Because trailer safety means people’s safety.
Practicing trailer safety takes time and practice, just like anything! It may not come to you naturally, but there are many steps you can take to ensure your trailer time is full of fun moments and without dangerous moments.
It may seem scary, but towing an average size trailer isn’t as hard as it looks. However, driver error is the common cause of most trailer accidents, not equipment malfunction, so we’re including some helpful safety tips to avoid an accident ruining your trip.
Related: Choosing the Right Tow Dolly
Know the weight of your trailer
Knowing the weight of your trailer dictates what equipment you need to tow and move your trailer. The weight capacity of your vehicle must be able to handle the total weight of what it’s towing and any cargo inside. This is known as your towing vehicle’s gross combination weight rating. It sounds more complicated then it really is, so consult your towing vehicles manual and you’ll know exactly the combo of the trailer, cargo, and passenger capacity it can handle.
Make sure your hitch is secure
Double and triple-checking your hitch hook up can save you a lot of headaches in the long run. Make sure you have the right hitch for the job. For small or medium loads, a ball hitch will do, but for heavier loads, you may need a weight distributed hitch. Check that the safety chains, which should always be used, are crossed under the trailer tongue.
Let there be light on your trailer
You want to check and make sure that the lights of your trailer are displaying the lights from your tow vehicle. Most importantly, turn signals and brake lights. This requires attaching the lights with the wiring harness. Some towing vehicles have innovative systems for this, which is great, but to tow safely cars behind must be able to see your light indicators.
Secure your cargo
Whatever you’re pulling with your tow vehicle, make sure your cargo is secured and cannot cause a hazard on the road. You are responsible for anything that flies out and causes a hazard or damage to someone else on the road. This is also a good time to check if tires are inflated and you haven’t overloaded the total weight of your trailer.
Give yourself space to safely stop
It takes longer to stop with a trailer than with a towing vehicle alone, so the safest move is to allow for more room between you and the vehicle in front of you while towing your trailer. Not only does this increase safety during your tow, but it prolongs the life of your towing vehicle and trailer by avoiding excess braking, sudden acceleration, and awkward maneuvering.
Be extra alert for potential hazards
It takes longer to do anything when you’re towing a trailer. When you hit the road, make sure you are awake and alert, and scanning the road for potential hazards. If something does come up, it’s going to take longer for you to brake, accelerate, and change lanes. Staying aware while you drive will help avoid any sudden actions with your tow vehicle.
Beware of trailer sway
I’m sure you’ve seen it on the road before, and the trailer sway is real. Trailer sway can be caused by large gusts of crosswind, high speeds, and downhill grades. Check your side mirrors frequently and make sure your trailer isn’t swaying back and forth, encroaching on other vehicles on the road. If you experience trailer sway, take your foot off the gas and slow down, if you have a brake controller, engage that to realign the trailer.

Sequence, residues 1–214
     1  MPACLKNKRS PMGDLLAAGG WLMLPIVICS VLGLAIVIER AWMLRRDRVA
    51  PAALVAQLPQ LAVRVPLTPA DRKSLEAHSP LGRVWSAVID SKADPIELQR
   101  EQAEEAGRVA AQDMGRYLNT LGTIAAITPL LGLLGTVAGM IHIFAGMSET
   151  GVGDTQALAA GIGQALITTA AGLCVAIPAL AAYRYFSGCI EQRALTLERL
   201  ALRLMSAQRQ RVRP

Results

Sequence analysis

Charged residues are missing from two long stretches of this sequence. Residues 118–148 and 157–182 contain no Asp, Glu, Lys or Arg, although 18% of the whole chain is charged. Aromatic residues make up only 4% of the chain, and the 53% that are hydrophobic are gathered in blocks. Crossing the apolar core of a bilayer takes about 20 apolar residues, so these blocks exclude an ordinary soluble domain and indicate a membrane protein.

Be patient when passing or changing lanes
The rule of thumb while towing a trailer is to allow more time and distance to do anything, including passing other vehicles or changing lanes. With a trailer, your blind spot gets larger than it normally is and you can’t speed up as quickly. Make sure you have plenty of space to change lanes, your signals are reflecting on your trailer, and you change lanes slowly. When passing another vehicle, allow enough room and ensure you can gain enough safe speed to pass. Passing on a two-lane road is not recommended.
Build up to stops when possible
You want to get where you’re going as quickly as possible, but stopping gradually can help keep you safe, and keep your equipment going longer. Towing a trailer requires extra effort from the brakes on your towing vehicle. By easing into stops, you can increase the life of those brakes and ensure you can stop in time. Also, make sure both your trailer brakes and towing vehicle brakes are well maintained.
Make friends with your side mirrors
When towing a trailer, your side mirrors have become your everything. You can’t see out the back of your vehicle and your blind spots are larger, so you rely heavily on those side mirrors. When backing up or maneuvering into a tight spot, use a spotter to help guide you, or a trailer dolly instead of your tow vehicle. Always allow more time and space to move in any direction while towing a trailer.
Make frequent stops to check everything
Stopping to check the connections of all your towing vehicle and trailer is never a bad idea. Something could have come loose or out of place while you were on the road depending on the weather and terrain. Have passengers check your turn signals and brake lights so you know you’re still hitting the road safely.
If you remember these tips, adjust your driving, and be more aware on the road, your towing experience will be safer and your final destination will be more fun!